You could always tell which homes on the street had at least three kids living there: look for a fake-wooden-sided station wagon parked out front.
It’s hard to pinpoint when the station wagon got its start. The Ford Model T resembled a station wagon in its most basic form. However, the tiny vehicle could only hold four comfortably.
In 1923, Star (a division of Durant Motors) began marketing a larger factory-built station wagon. The wagon body was made from wood.
As the decades progressed, station wagons became a common sight on American highways. The Pontiac Woodie was one of the most famous, with wooden side frames melded into a steel body. Many a California surf bum drove a restored (or not) Woodie in the 60’s.
But the wood was a pain to maintain. Screws needed tightening, varnish needed periodic stripping and recoating, and the expanding and contracting lumber caused all sorts of sealing headaches.
So in 1935, Chevrolet introduced the all-steel Suburban.
But it was expensive, and sales were slow. It was considered a work vehicle, not a family-mobile. It wasn’t until after WWII ended that all-steel station wagons finally became cheap enough to produce to be successful.
Add to that the Baby Boom, and automobile manufacturers began cranking out station wagons in unheard-of numbers by the 1950’s. And most of them featured fake wood sides that brought back memories of genuine woodies.
By 1957, the wagons were common on American roads.
And most of them were full of Boomer kids.
By the 1960’s, station wagons were so common that they seemed to outnumber sedans. Wagons were a ubiquitous sight on American roadways right up until the late 1980’s.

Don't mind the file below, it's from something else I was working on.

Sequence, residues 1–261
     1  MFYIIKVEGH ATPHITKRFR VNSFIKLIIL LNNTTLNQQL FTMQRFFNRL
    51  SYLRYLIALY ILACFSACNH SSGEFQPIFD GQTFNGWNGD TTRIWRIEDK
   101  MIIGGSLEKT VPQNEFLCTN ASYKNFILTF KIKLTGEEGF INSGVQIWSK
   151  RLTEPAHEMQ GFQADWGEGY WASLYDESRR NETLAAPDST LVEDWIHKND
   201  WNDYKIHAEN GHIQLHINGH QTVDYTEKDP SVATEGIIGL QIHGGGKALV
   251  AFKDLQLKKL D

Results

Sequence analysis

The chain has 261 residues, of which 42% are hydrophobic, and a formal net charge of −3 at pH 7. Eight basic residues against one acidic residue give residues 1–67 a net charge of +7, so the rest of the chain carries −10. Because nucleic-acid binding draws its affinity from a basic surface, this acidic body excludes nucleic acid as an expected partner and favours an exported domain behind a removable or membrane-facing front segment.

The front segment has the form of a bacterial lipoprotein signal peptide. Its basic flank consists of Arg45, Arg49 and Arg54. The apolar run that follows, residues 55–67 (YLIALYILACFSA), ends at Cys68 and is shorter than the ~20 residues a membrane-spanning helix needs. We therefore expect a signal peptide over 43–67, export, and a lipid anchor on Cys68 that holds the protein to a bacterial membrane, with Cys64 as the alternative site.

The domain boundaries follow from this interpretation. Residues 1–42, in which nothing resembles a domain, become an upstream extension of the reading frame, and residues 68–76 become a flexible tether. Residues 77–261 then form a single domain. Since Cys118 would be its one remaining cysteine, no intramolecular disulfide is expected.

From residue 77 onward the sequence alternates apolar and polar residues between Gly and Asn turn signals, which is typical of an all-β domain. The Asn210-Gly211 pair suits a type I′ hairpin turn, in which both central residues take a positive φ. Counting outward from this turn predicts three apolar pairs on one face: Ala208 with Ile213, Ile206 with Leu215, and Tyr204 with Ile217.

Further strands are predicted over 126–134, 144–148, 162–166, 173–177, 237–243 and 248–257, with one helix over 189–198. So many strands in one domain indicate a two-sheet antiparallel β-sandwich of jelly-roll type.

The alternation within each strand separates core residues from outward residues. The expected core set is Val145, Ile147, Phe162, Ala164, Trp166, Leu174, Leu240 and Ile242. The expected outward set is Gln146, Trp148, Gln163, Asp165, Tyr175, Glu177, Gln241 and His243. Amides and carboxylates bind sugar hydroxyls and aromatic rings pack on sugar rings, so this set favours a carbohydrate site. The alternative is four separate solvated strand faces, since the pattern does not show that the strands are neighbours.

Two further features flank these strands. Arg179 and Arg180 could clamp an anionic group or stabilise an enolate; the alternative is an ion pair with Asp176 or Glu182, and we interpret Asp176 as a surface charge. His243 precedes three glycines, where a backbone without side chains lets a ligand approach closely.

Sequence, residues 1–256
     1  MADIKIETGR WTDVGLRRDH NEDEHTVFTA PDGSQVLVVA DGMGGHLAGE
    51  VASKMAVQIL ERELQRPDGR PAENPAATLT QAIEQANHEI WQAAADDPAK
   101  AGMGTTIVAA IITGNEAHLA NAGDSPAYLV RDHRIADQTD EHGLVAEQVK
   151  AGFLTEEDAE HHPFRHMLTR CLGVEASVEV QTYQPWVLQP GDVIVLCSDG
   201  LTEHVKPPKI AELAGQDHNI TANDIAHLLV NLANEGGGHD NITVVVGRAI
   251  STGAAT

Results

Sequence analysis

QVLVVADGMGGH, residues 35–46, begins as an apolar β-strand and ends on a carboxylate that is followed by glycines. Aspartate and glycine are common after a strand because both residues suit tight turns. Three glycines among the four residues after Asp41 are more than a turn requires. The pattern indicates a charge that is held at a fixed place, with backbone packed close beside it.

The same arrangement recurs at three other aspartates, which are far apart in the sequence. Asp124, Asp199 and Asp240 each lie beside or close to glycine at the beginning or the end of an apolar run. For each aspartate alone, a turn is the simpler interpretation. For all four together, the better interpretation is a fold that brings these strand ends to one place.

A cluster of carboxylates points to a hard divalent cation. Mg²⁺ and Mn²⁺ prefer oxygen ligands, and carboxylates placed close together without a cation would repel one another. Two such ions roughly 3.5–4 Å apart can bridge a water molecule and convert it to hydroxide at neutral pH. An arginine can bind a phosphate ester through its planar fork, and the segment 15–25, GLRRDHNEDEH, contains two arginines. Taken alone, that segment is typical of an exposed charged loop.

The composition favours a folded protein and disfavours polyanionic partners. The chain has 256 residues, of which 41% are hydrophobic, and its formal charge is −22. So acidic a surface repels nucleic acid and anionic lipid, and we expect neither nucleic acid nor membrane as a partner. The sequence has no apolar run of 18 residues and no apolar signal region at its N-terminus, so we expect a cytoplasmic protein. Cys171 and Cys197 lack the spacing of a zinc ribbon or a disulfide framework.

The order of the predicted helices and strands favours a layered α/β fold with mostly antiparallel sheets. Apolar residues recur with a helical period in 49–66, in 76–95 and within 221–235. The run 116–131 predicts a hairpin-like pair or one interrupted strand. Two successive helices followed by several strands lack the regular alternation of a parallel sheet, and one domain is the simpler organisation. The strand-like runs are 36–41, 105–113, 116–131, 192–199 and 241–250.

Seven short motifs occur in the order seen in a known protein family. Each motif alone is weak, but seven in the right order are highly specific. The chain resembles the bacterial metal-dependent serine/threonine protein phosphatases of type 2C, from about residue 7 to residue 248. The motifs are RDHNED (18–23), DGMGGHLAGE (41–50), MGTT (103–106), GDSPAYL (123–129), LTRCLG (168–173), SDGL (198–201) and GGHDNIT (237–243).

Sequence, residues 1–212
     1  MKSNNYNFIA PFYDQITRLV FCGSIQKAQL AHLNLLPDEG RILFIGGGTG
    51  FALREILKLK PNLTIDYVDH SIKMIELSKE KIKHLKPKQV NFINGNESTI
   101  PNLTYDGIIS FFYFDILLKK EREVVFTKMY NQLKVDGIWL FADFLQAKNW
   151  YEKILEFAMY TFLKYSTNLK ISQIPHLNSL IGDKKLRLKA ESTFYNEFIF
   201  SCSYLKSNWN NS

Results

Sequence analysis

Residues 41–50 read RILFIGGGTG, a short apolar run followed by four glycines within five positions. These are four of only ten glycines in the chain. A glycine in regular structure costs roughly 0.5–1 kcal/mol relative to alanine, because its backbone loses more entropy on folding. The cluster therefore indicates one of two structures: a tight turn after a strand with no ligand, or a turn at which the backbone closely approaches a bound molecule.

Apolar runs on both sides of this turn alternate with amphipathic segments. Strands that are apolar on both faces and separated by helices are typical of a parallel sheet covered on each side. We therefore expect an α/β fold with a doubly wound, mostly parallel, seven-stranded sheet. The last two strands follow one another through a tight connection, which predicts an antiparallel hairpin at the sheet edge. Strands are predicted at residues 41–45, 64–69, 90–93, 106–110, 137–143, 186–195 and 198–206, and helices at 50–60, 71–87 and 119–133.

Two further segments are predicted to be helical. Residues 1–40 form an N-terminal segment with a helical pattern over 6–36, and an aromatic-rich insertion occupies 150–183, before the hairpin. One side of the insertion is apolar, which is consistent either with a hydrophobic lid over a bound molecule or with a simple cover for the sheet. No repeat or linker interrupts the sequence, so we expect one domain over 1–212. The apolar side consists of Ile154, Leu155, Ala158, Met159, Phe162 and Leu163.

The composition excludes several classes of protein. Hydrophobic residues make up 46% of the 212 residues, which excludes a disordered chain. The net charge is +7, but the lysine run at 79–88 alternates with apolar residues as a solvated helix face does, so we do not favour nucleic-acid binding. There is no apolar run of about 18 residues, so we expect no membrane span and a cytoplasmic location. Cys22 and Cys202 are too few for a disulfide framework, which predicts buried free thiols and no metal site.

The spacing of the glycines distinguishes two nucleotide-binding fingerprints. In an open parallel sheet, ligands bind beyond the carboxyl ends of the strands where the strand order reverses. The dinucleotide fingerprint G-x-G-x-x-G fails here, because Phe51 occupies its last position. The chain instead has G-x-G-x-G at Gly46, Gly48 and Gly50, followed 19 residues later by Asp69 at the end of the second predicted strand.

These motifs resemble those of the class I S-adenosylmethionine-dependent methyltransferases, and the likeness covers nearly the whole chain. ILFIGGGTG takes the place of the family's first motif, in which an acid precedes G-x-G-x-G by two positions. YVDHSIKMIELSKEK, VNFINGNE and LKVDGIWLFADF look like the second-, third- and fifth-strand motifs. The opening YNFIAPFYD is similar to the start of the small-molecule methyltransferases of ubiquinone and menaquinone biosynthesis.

In 1984, Chrysler/Plymouth introduced the minivan. The death knell for station wagons was sounded.
Minivans allowed multiple passengers to enter the vehicle without dropping (or swinging) the tailgate. In fact, they could almost stand up! The different paradigms were an instant success, and soon practically every automaker, US and otherwise, were cranking out minivans and selling them as fast as they could make them.
Wagons continued to be manufactured, but their numbers fell each year.
In 1996, Chevrolet and Buick made their last station wagons.
We Boomer kids have fond memories of the spacious back ends of station wagons, big enough to set up miniature battlefields or road racing ovals on long vacation drives. You could also stretch WAY out and take a nap, too.
I had a 1990 Ford Taurus wagon with side-facing seats that popped up in the back area, allowing seven or eight to travel in the mid-sized vehicle! A major engineering accomplishment, to say the least. My young children loved getting to sit in the back.
Wagons are still manufactured by a few overseas car companies, and in 2005, the Dodge Magnum wagon was introduced. But long gone are the days when fake-wooden-sided wagons sat in fro